- Published: Thursday, 30 April 2015 00:00
Written By: Wayne Van Zwoll
A fair-haired boy as cartridges go, the .270 Winchester has charmed hunters since its 1925 birth. First chambered in the company’s Model 54 bolt rifle, it drove a 130-grain bullet 3,140 fps. At 300 yards, far beyond normal game-killing ranges of the day, that missile still clocked 2,320 – faster than a .30-30’s at the muzzle! But Depression-era bullets behaved erratically at high impact speeds. For hunters whining about meat damage, Winchester added a 150-grain load throttled to 2,675 fps. Nobody bought it. The .270 remains a race-horse; 150-grain bullets, now stronger, are loaded to over 2,850 fps, for the flat flight and hard hits at distance hunters expect. Extra-tough bullets, like Norma’s Oryx, combine a broad mushroom with high weight retention and deep penetration across a wide range of impact speeds.
You can make .270 cases by necking down .30-06s – though factory-fresh .270s are a tad longer. Case capacity averages 63 grains of water. Norma .270 brass is commonly considered some of the most uniform. The .270 generates pressures in excess of 52,000 psi; high-quality brass also treats handloaders with long case life. Handloading the .270 can be as easy as carding off a charge of H-4831 at the mouth, then seating a 130-grain bullet – albeit you’re smart to weigh even the slowest powders.
Winchester’s choice of a .277 bullet over a .284 still seems odd. The .277 diameter was shared by no other commercial cartridge at that time. The .284 or 7mm had earned a following since the 1892 debut of the 7x57. Other 7mms followed in Europe. Still others were mid-wifed by wildcatters in the U.S. after the .300 H&H Magnum arrived, also in 1925. Perhaps Winchester wanted a truly distinctive round. The 7x64, circa 1917, was similar; a 7mm bullet would have given Winchester a frisky 7x64 or what we know as the .280 Remington (introduced 1957). Then again, the Great War was fresh in memory. The 7x57 had come from Germany, our recent foe. America’s most celebrated rifle-maker may have decided to market a uniquely American cartridge.
Gun writer Jack O’Connor used the bully pulpit of Outdoor Life to praise the .270. With it he shot “everything from javelina to Alaska-Yukon moose.” He reported firing 10,000 .270 rounds in tests in one year. While the .270 would no doubt have succeeded without O’Connor’s blessing, he gave it a boost. So did Winchester’s Model 70 rifle…. By 1931 Winchester was in receivership, a victim of the Depression. In December it was acquired by Western Cartridge Company, which committed to improving the Model 54. The Model 70 appeared in 1937 and drew raves. Subsequently, only the .30-06 in a long list of charter chamberings proved more popular than the .270. Not only O’Connor, but sages like Townsend Whelen favored this round. Though many elk hunters have fallen under horsepower’s spell, others still appreciate the .270’s modest recoil. In surveys I conducted in the 1990s, the .270 ranked third in popularity in elk camps, behind the ’06 and 7mm Remington Magnum. In my experience, a .270 with proper bullets is all you need. One bull, quartering off, tumbled like a shot hare when I landed a 150-grain Nosler Partition. A very big six-point I’d hunted with a client reared like a horse when struck by his 130-grain softnose, then fell backward, planting its antlers in the earth, to lie still as a stone.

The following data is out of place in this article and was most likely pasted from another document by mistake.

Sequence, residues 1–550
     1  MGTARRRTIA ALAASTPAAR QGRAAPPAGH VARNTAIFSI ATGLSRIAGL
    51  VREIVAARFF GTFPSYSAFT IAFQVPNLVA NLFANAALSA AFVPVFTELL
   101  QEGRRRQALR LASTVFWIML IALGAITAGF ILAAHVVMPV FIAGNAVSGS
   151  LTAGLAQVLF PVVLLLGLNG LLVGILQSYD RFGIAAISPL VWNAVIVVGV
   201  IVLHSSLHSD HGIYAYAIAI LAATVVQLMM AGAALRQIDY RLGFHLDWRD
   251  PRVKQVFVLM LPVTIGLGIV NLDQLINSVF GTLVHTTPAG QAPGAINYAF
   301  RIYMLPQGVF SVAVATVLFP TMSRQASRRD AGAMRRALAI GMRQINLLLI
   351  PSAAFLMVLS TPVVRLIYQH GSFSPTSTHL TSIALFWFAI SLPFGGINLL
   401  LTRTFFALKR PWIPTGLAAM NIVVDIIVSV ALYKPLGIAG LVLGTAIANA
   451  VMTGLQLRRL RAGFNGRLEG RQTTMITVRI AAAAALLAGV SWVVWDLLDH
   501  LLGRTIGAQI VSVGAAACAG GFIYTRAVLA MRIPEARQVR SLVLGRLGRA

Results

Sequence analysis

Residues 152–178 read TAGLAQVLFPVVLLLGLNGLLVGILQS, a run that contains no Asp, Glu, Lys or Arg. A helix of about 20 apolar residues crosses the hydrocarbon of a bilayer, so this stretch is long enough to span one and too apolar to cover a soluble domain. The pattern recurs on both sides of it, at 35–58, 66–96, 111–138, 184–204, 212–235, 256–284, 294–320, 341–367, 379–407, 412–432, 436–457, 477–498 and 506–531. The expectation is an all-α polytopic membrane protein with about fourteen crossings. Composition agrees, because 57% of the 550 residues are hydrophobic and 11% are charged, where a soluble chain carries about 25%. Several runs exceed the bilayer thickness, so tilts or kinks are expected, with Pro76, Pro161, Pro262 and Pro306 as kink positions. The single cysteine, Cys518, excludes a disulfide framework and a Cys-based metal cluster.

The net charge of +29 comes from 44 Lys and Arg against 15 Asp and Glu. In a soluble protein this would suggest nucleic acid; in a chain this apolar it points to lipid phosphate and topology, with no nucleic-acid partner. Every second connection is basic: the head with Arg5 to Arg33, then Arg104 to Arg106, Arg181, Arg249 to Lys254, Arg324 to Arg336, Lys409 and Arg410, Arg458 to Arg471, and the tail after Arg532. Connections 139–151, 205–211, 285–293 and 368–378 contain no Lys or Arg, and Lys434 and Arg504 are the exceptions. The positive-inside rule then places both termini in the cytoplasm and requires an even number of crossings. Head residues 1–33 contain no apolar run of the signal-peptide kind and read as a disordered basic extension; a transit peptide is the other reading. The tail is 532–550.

In general, I’ve found riflemen with .270s better marksmen than those with thunderous magnums that crack clavicles and dislodge molars. A fellow who culled elk for Colorado’s wildlife agency used his .270 because it enabled him to keep shooting without a flinch.
While most .270s are bolt guns, Remington and Browning have cataloged autoloaders, Ruger and Browning dropping-block single-shots. Remington’s slide-action 760 series and Browning’s lever-action BLR have also chambered the .270. So too many rifles manufactured in Europe. Most .270 barrels have a rifling pitch of 1-in-10, though Sweden’s Husqvarna chose 1-in-91Ž2. Mannicher-Schoenauers were rifled 1-in-9. Many .270 rifles these days have 22-inch barrels, as did O’Connor’s famous Biesen-stocked M70 Featherweights. You’ll get more speed from 24 inches, standard for early Winchester M70 barrels. Among the many fine factory loads for the .270, Norma’s USA line boasts a couple of the best. A 120-grain hollowpoint blitzes coyotes, whitetails and pronghorns. The 150-grain Oryx is ideal for African plains game as well as mule deer and elk. It hits hard but recoils courteously, even in lightweight rifles.
.270 Winchester, Norma load, 120-grain Kalahari
|Muzzle||100 yds.||200 yds.||300yds.||400 yds.|
|Arc - inches||-1.5||+1.8||0||-6.2||-19.5|
.270 Winchester, Norma load, 150-grain Oryx
|Muzzle||100 yds.||200 yds.||300yds.||400 yds.|
|Arc - inches||-1.5||+2.5||0||-8.0||-22.5|
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